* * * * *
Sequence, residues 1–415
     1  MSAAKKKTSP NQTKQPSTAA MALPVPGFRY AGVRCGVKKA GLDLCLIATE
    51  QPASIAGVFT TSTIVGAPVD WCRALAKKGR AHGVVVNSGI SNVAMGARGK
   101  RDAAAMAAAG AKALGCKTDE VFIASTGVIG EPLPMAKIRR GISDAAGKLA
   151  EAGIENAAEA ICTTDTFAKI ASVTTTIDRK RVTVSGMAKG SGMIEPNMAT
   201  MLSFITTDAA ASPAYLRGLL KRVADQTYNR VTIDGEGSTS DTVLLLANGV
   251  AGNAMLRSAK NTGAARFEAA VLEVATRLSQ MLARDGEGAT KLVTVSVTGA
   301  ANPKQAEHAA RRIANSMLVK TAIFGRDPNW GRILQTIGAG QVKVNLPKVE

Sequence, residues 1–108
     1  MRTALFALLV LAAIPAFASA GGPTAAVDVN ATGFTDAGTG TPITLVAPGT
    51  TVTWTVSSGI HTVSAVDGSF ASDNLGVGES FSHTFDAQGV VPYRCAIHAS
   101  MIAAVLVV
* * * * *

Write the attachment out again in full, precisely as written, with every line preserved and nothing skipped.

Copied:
Sequence, residues 1–415
     1  MSAAKKKTSP NQTKQPSTAA MALPVPGFRY AGVRCGVKKA GLDLCLIATE
    51  QPASIAGVFT TSTIVGAPVD WCRALAKKGR AHGVVVNSGI SNVAMGARGK
   101  RDAAAMAAAG AKALGCKTDE VFIASTGVIG EPLPMAKIRR GISDAAGKLA
   151  EAGIENAAEA ICTTDTFAKI ASVTTTIDRK RVTVSGMAKG SGMIEPNMAT
   201  MLSFITTDAA ASPAYLRGLL KRVADQTYNR VTIDGEGSTS DTVLLLANGV
   251  AGNAMLRSAK NTGAARFEAA VLEVATRLSQ MLARDGEGAT KLVTVSVTGA
   301  ANPKQAEHAA RRIANSMLVK TAIFGRDPNW GRILQTIGAG QVKVNLPKVE

Sequence, residues 1–108
     1  MRTALFALLV LAAIPAFASA GGPTAAVDVN ATGFTDAGTG TPITLVAPGT
    51  TVTWTVSSGI HTVSAVDGSF ASDNLGVGES FSHTFDAQGV VPYRCAIHAS
   101  MIAAVLVV